What Could You Do With a 50% Productivity Improvement?

Improve your bottom line by removing waste and improving operational flow.

“Business excellence is complimentary to the design and management EAPC does for our customers’ building and industrial projects in the sense that my focus is to look at the people and interactions within a building or process and to see how we can do better,” says Chad Frost, director of business excellence for EAPC.

Chief Operations Officer and Principle Architect Wayne Dietrich says it’s a new dimension to their design team and a natural evolution for this progressive company, which specializes in architecture, engineering, industrial, and wind energy design.

Frost may collaborate with building designers and clients to pinpoint areas where a company’s process can be streamlined and the square footage reduced. Business excellence is also a way for EAPC to add value for its clients after a design project is complete by offering continuous improvement services to customers’ actual operations inside the building.

“Company culture is a big aspect. I can draw all day and not break through that,” Dietrich said. “With these tools, we can help people accept planned changes and design a better, more effective and efficient floor plan to serve the majority.”

Powerful Tools

Frost has more than 20 years of experience managing production floors and working with management teams in companies, including LM Wind Power and AGCO-GSI. He uses proven principles of lean production and Six Sigma approaches to help customers achieve their goals. These tools, which are used in organizations worldwide, can generate benefits ranging from improving processes and reducing unnecessary steps and duplication in workflow to enhancing employee productivity and company profit margins.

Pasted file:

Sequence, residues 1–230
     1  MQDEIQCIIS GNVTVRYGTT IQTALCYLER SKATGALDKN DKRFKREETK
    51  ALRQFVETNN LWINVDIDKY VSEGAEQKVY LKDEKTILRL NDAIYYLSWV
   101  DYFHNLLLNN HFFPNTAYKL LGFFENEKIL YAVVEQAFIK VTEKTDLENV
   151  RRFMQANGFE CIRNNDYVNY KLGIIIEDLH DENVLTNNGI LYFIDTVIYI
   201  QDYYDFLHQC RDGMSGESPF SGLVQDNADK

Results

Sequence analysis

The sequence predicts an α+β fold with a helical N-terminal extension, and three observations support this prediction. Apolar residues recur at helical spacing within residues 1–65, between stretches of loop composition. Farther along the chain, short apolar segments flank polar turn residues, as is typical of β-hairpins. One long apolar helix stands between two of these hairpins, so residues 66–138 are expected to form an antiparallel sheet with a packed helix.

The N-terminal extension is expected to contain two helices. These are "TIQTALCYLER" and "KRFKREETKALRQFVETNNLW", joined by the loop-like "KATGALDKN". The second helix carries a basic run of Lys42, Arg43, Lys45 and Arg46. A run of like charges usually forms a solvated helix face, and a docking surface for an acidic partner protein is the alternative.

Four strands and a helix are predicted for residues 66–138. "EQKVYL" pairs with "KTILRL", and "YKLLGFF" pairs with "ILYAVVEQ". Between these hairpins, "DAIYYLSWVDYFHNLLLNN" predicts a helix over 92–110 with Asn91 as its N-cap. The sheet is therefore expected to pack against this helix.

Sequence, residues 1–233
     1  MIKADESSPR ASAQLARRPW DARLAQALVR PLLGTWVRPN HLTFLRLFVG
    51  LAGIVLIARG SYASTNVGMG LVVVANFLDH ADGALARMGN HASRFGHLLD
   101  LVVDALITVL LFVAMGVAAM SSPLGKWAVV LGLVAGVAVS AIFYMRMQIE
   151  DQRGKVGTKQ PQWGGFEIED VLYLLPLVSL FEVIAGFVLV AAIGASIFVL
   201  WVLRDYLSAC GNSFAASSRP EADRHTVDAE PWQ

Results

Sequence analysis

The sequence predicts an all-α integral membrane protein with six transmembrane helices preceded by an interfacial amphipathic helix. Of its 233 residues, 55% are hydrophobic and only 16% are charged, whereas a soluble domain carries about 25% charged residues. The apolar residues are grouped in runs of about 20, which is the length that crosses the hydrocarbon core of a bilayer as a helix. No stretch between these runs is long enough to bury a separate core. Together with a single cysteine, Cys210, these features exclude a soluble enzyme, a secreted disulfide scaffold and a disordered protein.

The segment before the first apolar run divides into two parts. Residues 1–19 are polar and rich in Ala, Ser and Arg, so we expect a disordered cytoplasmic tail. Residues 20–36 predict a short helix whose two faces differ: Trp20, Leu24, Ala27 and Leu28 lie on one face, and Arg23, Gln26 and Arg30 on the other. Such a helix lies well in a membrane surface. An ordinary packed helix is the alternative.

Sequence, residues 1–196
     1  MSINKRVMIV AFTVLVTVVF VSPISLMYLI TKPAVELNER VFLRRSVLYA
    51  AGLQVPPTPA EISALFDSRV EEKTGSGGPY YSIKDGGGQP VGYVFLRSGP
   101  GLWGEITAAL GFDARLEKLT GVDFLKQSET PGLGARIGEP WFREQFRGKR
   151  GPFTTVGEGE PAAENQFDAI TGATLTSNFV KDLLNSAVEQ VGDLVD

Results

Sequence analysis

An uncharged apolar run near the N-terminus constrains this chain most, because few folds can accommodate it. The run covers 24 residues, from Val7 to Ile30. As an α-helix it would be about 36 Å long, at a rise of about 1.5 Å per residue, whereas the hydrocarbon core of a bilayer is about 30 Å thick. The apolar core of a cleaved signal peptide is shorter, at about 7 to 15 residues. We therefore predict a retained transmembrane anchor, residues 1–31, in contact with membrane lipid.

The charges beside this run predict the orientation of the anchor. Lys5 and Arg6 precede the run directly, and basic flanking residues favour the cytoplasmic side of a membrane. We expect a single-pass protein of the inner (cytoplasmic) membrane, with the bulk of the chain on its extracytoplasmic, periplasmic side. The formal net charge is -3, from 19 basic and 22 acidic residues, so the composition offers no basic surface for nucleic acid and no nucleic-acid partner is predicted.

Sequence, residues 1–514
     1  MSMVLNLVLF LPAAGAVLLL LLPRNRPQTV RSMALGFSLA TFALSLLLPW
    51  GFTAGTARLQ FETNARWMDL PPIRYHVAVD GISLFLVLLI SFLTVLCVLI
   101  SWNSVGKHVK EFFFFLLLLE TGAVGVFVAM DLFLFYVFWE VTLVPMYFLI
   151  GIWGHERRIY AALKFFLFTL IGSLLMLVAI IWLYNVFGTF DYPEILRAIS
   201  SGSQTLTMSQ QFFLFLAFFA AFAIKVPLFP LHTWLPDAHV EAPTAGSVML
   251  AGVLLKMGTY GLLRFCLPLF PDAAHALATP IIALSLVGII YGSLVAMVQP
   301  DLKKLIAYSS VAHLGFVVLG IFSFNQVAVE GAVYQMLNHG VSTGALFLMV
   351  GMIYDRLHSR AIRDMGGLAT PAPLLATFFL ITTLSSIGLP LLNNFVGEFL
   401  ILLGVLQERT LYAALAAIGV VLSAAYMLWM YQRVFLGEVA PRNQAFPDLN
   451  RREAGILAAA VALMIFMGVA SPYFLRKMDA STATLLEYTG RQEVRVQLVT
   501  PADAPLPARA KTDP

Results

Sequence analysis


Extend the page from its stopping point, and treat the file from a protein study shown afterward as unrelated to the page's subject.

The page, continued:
“If you haven’t done an assessment of your manufacturing or service operations before, then it is highly probable you can expect a minimum 50 percent improvement when applying these tools and strategies,” Frost said.

Retrax, a local manufacturer of after-market pickup bed covers, brought Frost in to train about 12 supervisors, who are now implementing modifications to workstation layouts and production flows.

Manufacturing Engineer Brad Derosier said the employee response and outcomes have been positive, and many of Frost’s recommendations have been incorporated. Through their work with Frost, Derosier said, “We are investing in our employees’ continuing education.”

General Manager Scott Fuller said Frost’s organized program was what the company needed to jump-start their move to lean. “We knew to be successful we would need an outside resource. It’s nice to have it just a mile down the road,” he said.

“It’s not a finite thing. We hope to see continuous improvements and will revisit it on an ongoing basis,” Fuller said.

Retrax’s Example

Frost worked with the team at Retrax to identify ways they could improve the flow of their processes and reduce or eliminate waste. A Kaizen event helped them implement a logical reconfiguration of their production floor. Frost says a Kaizen event, a Japanese term for rapid improvement, is a natural next step to the business excellence training provided to companies because it allows them to apply the key facets of the training and quickly see the concepts and benefits.

At the core of a business excellence consultation is the company’s greatest resource, its employees. “We sometimes limit our ability to see improvements or reach our growth potential because we don’t involve the employees in the improvement process,” Frost said.

Frost said with this addition to its services, EAPC has the capability to not only design the best buildings, but also help its customers get the most from the operations inside those buildings.

“With Business Excellence, we want to be the best value for our customers and after their experience with us, I want them to come back and say, ‘When can we do this again!'”

This article was published by the Grand Forks Herald in October 2013